Over 230 People Self-Excluded From iGaming In PA — Can Michigan Expect Something Similar?

In about a year of online gambling in Pennsylvania, 231 people self-excluded from the platforms. Can Michigan expect similar a similar number?
Over 230 People Self-Excluded From iGaming In PA — Can Michigan Expect Something Similar?
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The state of Michigan is expected to begin online gambling — sports and casino/poker — later this year or in very early 2021. With the opportunity for casino firms and their technology partners comes risk for players and the state in the form of problem gambling.

In an effort to assist people who can’t control their gambling activity, the Michigan Gaming Control Board is requiring the upcoming online gambling platforms to allow players to self-exclude from betting. This feature is standard for the industry as online gambling proliferates across the country.

Michigan will be just the sixth state in the country to have the trifecta of online sports betting, casino, and poker. The Wolverine State will be the second-most populous state with those forms of real-money online gambling, trailing only Pennsylvania.

According to a Pennsylvania annual report released this week, 231 people had self-excluded from online gambling, whether due to sports, casino/poker or all of the above, as of June 30. Pennsylvania launched online casino gambling in mid-July of 2019, so the 231 self-excluded online gamblers come from almost a full year of online casino gambling being in the mix. Online sports wagering kicked off in May 2019.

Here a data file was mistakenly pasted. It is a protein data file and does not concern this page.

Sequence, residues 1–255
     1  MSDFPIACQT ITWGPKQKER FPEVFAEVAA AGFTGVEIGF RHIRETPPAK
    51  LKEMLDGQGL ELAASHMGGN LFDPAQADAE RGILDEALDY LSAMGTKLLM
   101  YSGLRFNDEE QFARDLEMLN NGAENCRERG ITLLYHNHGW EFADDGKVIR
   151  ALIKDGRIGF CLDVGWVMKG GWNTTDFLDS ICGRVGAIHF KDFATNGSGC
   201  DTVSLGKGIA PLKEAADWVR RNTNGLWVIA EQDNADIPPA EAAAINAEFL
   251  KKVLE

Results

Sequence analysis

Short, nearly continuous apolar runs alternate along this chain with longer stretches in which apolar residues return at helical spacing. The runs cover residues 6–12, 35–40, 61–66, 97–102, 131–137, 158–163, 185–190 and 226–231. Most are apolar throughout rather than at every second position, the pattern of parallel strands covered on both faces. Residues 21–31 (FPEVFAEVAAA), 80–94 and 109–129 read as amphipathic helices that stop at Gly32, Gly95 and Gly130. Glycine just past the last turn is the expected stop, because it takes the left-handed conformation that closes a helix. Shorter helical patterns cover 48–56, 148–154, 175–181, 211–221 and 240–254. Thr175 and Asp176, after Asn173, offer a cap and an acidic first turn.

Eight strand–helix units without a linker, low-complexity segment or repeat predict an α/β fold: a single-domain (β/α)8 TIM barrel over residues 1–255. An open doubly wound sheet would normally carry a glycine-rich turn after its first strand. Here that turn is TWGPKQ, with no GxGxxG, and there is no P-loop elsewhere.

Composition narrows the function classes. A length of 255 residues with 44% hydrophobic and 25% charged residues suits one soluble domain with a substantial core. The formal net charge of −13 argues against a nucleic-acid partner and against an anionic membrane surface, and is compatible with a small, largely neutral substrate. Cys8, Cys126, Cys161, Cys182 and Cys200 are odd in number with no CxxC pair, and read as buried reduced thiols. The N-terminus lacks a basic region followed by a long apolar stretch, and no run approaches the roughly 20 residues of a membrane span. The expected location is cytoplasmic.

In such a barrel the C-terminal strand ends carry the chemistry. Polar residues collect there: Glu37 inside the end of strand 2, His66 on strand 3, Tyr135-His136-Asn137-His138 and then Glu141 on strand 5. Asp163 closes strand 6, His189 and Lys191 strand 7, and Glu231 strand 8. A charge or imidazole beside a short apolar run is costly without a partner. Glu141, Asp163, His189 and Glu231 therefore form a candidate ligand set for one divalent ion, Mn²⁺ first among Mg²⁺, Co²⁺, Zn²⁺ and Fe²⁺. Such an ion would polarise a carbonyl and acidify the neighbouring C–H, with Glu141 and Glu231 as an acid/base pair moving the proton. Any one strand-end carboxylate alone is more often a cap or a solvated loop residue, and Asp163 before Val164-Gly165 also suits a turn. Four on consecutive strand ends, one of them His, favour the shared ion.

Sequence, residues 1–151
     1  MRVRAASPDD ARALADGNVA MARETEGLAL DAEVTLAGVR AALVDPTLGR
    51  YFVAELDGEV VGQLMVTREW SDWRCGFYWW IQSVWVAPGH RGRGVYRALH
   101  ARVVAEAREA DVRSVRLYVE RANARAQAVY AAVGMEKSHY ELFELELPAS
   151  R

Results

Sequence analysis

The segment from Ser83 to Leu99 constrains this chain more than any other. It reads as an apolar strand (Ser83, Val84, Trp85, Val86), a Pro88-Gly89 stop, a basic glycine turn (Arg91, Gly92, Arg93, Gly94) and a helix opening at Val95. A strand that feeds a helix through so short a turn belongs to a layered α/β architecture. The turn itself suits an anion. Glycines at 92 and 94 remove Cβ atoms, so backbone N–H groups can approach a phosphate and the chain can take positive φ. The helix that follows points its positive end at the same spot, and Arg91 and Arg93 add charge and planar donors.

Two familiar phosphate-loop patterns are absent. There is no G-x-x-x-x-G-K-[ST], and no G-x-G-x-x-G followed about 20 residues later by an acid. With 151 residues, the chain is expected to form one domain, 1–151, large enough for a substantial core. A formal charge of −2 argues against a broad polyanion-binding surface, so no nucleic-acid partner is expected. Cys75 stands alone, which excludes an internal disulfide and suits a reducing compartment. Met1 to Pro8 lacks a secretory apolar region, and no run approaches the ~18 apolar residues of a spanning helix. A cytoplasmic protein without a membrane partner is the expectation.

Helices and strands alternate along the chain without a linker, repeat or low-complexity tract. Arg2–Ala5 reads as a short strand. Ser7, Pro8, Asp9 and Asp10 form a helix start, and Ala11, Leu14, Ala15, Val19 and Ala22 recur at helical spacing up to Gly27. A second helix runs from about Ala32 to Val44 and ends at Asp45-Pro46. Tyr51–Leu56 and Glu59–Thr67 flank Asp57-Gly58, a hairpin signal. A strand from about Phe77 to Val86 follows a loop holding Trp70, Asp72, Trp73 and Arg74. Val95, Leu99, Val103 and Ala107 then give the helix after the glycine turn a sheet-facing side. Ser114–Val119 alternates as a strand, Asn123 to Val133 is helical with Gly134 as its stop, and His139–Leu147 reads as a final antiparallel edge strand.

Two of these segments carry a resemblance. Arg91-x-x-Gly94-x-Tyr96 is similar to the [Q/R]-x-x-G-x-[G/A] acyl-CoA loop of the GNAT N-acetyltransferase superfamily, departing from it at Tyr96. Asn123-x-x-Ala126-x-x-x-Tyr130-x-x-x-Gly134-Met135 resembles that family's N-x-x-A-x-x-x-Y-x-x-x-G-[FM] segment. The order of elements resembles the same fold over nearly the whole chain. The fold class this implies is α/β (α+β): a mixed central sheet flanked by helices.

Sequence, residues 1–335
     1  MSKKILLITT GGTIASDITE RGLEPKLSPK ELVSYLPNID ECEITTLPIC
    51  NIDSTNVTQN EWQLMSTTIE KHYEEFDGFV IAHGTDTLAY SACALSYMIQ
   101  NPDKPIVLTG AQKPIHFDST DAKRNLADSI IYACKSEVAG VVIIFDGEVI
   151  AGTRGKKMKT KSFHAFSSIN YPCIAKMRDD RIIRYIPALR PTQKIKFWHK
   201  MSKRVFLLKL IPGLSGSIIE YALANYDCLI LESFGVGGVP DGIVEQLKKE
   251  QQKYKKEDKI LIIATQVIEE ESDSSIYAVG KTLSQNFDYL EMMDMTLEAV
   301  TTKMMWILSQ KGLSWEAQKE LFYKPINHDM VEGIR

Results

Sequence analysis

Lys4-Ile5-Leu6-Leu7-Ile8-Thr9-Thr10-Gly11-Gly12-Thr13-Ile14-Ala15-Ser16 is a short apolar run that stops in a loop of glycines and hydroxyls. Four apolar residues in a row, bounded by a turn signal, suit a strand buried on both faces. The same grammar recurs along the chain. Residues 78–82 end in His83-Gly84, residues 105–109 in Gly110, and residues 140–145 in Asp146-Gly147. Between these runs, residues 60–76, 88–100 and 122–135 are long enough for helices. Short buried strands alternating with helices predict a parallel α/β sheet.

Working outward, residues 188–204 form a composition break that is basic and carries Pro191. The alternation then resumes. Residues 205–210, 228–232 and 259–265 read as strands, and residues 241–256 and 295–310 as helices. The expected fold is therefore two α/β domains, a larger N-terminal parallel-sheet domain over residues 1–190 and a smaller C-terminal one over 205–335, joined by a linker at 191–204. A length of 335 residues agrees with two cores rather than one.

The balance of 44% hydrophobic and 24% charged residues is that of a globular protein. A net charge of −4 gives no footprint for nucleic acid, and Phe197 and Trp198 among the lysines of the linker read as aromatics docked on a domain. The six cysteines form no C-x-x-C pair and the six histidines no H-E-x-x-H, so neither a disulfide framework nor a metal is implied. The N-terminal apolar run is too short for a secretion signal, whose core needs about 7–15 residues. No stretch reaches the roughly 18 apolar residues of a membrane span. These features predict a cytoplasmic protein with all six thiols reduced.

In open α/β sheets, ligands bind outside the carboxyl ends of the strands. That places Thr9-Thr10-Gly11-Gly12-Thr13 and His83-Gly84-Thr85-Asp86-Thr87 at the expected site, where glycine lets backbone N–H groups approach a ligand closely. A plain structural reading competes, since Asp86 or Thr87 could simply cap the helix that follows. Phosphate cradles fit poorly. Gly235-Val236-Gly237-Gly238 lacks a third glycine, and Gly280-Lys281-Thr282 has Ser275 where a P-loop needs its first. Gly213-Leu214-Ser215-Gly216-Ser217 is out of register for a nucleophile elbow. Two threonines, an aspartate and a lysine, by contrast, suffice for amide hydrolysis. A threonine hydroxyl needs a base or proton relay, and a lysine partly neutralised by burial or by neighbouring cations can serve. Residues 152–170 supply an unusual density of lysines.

Can Michigan expect to see similar participation in online gambling self-exclusion?

Deeper dive into market numbers

Michigan is expected to rival the online gambling markets seen in Pennsylvania and New Jersey.

According to state figures, Pennsylvania’s online/mobile sports betting handle in August, the most recent month from which data is available, was $321,554,131, and the internet sportsbooks retained $15,438,273 of that amount in the form of winnings from gamblers.

Online slot gamblers bet $1,060,557,374 in August, losing $39,630,603 to the iCasinos. Online table games saw $812,483,414 in wagers, with gamblers losing $13,582,723. Online poker players paid $2,729,199 in rake and fees during the month of August.

Altogether, online gamblers in Pennsylvania spent $71,380,798 in August alone.

New Jersey is the clear leader in the U.S. in terms of online gambling revenue. Online casino/poker players spent $87,772,968 in August, with online/mobile sports gambling generating millions more. New Jersey kicked off online casino gambling in 2013, but online/mobile sports wagering didn’t debut until 2018. In the 2019 New Jersey Casino Control Commission annual report, no data was provided on online gambling self-exclusion. It’s unclear if the 2020 report will contain that information.

In Indiana, just 12 people signed up for the mobile sports gambling self-exclusion list in roughly the first nine months after the first online/mobile sportsbook launched. The Hoosier State, where online gamblers spent less than $10 million in August, didn’t legalize online casino gambling along with sports betting.